Touching on the problems of
growth, the report said that the
annual Hillel budget of $2,-
005,477 in 1962 went over $2,-
000,000 for the first time. The
money was spent on 81 full-
time professional staff mem-
bers; the maintenance of 52
Hillel Foundation buildings
whose value at the time of con-
struction or purchase was more
Guest Artist
Guest Speaker
than $6,000,000; program and
maintenance funds for 243 Hil-
lel Foundations and counselor-
ships; salaries for specialists in
Hebrew, music and dance; stu-
dent work scholarships, and the
operations of the national of-
fice. In the past four years, the
Hillel budget had grown at the
rate of $112,000 a year.
Noting that the larger uni-
versities were reaching the
saturation point, the study
said that many more Jewish
students were entering small-
er liberal arts colleges all
over the United States.
Preliminary findings of a sur-
vey to determine Hillel needs
beyond the 200 schools already
of Temple Israel
on the Hillel waiting list
showed dozens of colleges and
Attorney and Noted
small universities with Jewish
of Temple Israel
enrollments of 40 to 50 stu-
The Hillel Foundations cur-
rently serve—in addition to the
United States and Canada—in
Australia, Britain, Holland, Is-
Honor will be bestowed upon members of Landsmanshaften
rael, Switzerland and South
who have reached their Diamond Jubilee age and over.

dan where, according to Beirut
radio reports, an attempted coup
against King Hussein has been
Unrest erupted in the old city
of Jerusalem, on the Jordanian
side of the border, • Jan. 13, the
Lebanese radio reported. The
trouble developed after Jordan's
Palestine District Commissioner,
Nuseibeh, resigned. Pro-Nasser-
ist demonstrations followed his
resignation, according to the
Beirut radio.
Israeli leaders have noted in
connection with previous erup-
tions of political troubles in
Jordan that they would not sit
idly by if a Nasserist coup
should take place in Jordan.
Israel's Deputy Defense Min-
ister Shimon Peres warned that
Israel would not be surprised if
Egypt demonstrates a public
launching of missiles:
Peres said that • although "we
don't yet know whether Egypt
already has operational missiles"
it is known that she has been
very busy in this field for sev-
eral years. It made no difference
whether it was Egyptian or for-
eign experts and scientists who
developed the missiles, he
At the same time, he noted
that Egypt, Syria and Iraq con-
tinue getting an inflow of large
quantities of the best quality
weapons and it was, therefore,
up to Israel to equip its Army
with the best known planes and
tanks that could meet the Egyp-
tian challenge.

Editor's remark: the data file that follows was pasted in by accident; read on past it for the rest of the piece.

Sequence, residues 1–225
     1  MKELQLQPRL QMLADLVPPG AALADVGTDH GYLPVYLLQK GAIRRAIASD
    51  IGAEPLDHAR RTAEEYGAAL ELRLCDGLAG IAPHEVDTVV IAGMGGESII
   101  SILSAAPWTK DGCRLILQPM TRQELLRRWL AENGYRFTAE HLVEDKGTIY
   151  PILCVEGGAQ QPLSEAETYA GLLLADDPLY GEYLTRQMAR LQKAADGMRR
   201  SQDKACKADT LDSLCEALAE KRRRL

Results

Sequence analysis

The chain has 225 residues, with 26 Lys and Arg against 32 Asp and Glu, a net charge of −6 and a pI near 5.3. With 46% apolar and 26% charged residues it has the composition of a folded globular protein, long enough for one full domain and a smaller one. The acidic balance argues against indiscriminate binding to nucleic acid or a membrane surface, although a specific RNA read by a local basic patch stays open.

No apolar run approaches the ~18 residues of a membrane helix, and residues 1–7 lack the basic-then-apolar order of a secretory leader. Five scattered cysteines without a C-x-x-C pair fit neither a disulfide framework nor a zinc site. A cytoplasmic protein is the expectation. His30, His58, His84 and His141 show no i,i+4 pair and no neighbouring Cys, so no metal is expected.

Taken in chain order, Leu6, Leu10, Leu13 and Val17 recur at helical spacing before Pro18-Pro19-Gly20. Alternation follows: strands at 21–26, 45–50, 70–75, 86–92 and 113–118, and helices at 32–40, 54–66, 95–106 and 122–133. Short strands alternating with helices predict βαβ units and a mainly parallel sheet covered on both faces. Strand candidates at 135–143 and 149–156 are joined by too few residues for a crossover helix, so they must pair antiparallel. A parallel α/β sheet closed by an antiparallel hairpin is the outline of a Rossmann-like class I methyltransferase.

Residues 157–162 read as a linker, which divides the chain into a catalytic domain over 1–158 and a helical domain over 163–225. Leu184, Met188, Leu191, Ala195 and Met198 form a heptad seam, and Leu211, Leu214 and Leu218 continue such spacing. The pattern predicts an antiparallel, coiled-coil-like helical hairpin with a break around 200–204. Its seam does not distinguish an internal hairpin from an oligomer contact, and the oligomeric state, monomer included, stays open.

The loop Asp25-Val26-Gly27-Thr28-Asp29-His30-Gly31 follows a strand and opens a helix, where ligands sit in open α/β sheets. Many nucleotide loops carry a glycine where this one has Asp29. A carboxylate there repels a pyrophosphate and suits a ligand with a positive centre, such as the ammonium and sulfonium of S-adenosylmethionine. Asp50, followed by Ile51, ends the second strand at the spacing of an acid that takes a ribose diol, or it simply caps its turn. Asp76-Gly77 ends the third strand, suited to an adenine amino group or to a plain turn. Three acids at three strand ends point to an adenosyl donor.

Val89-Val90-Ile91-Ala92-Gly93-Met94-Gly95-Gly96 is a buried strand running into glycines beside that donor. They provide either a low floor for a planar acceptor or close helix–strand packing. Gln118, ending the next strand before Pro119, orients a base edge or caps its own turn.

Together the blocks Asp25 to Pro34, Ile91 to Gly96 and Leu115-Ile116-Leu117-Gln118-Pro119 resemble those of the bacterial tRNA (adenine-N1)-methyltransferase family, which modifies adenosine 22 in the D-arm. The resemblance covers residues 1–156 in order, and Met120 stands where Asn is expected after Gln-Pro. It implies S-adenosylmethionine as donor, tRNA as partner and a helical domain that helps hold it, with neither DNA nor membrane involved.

Israel Reported 'Very
Alarmed' Over Growth
of Egyptian Rearmament
LONDON, (JTA) — The feel-
ing that the Arab-Israel situa-

Religious Identification Growing
Among Jewish Students; Abandon
of Negativism Seen in Hillel Report

NEW YORK, (JTA)—One of
the factors that has stimulated
increased Jewish student in-
terest in religious worship on
the campuses of American col-
leges and universities is that
"the academic climate today
favors religious identification
on the part of students," the
Bnai Brith Hillel Foundations
The report said that a study
of attendance at services on
campuses during the past High
Holy Days revealed a larger at-
tendance than ever before. It
cited an attendance at the Penn-
sylvania State University Hillel
Foundation of 1,500 Jewish stu-
dents who filled the auditorium
synagogue and overflowed to
the outside halls and sidewalks.
"At Ohio State University,
concurrent services were con-
ducted, one liberal and the
other traditional, not only to
meet the specific needs of
students of different denomi-
national backgrounds b u t
also to provide additional
seating space for the large
number of students joining
in worship," the report added.
"Three concurrent services
were conducted at Harvard-
Radcliffe in the Orthodox,
Conservative and Reform tra-
ditions, with more than 1,400
students in attendance."
Conceding that attendance at
such services was "no indication
of the real intensity of Jewish
identification," the report con-
tended that increased student
attendance was nevertheless
significant "because it runs
counter to our experience on
the campus a decade ago, cer-
tainly 20 years ago. Then large
numbers of Jewish students re-
fused to identify themselves in
any way with Jewish life and
The report added that the
spirit of the university "is
highlighted further by the
growing numbers of schools at
The hamburger had its origin
which chairs or courses in with the Russian Tartars. Sea-
Jewish studies are found. Forty men from the city of Hamburg
Hillel directors teach university brought it to the western world.




Austin A. Kanter, C.1. U. & Assoc.


An Evening of Culture and Entertainment
Thursday, January 24, 1963 at 8:30 P.M.

n the Morris L. Schauer Auditorium (Labor Zionist Inst.)

; •

Donation 50c

No Solicitations

Auspices—Committee of Landsmanshaften for JNF and Metropolitan Detroit Erma B'rith Council